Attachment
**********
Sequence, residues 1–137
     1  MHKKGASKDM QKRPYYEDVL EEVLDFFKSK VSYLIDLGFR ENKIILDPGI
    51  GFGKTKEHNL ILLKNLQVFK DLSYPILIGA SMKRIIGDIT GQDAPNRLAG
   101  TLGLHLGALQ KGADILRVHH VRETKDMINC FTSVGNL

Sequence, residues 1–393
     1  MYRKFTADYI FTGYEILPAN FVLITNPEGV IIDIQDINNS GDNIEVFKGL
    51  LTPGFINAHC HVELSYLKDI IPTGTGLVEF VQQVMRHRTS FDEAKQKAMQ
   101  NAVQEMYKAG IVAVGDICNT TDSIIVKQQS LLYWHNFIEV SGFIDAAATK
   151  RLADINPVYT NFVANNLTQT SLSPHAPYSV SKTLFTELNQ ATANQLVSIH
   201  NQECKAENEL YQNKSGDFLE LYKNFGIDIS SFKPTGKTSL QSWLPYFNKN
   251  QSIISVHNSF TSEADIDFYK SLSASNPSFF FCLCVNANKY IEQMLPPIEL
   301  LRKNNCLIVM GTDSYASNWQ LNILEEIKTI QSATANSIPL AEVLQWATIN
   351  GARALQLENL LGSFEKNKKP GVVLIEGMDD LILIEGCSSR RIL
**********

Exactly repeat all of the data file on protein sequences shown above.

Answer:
Sequence, residues 1–137
     1  MHKKGASKDM QKRPYYEDVL EEVLDFFKSK VSYLIDLGFR ENKIILDPGI
    51  GFGKTKEHNL ILLKNLQVFK DLSYPILIGA SMKRIIGDIT GQDAPNRLAG
   101  TLGLHLGALQ KGADILRVHH VRETKDMINC FTSVGNL

Sequence, residues 1–393
     1  MYRKFTADYI FTGYEILPAN FVLITNPEGV IIDIQDINNS GDNIEVFKGL
    51  LTPGFINAHC HVELSYLKDI IPTGTGLVEF VQQVMRHRTS FDEAKQKAMQ
   101  NAVQEMYKAG IVAVGDICNT TDSIIVKQQS LLYWHNFIEV SGFIDAAATK
   151  RLADINPVYT NFVANNLTQT SLSPHAPYSV SKTLFTELNQ ATANQLVSIH
   201  NQECKAENEL YQNKSGDFLE LYKNFGIDIS SFKPTGKTSL QSWLPYFNKN
   251  QSIISVHNSF TSEADIDFYK SLSASNPSFF FCLCVNANKY IEQMLPPIEL
   301  LRKNNCLIVM GTDSYASNWQ LNILEEIKTI QSATANSIPL AEVLQWATIN
   351  GARALQLENL LGSFEKNKKP GVVLIEGMDD LILIEGCSSR RIL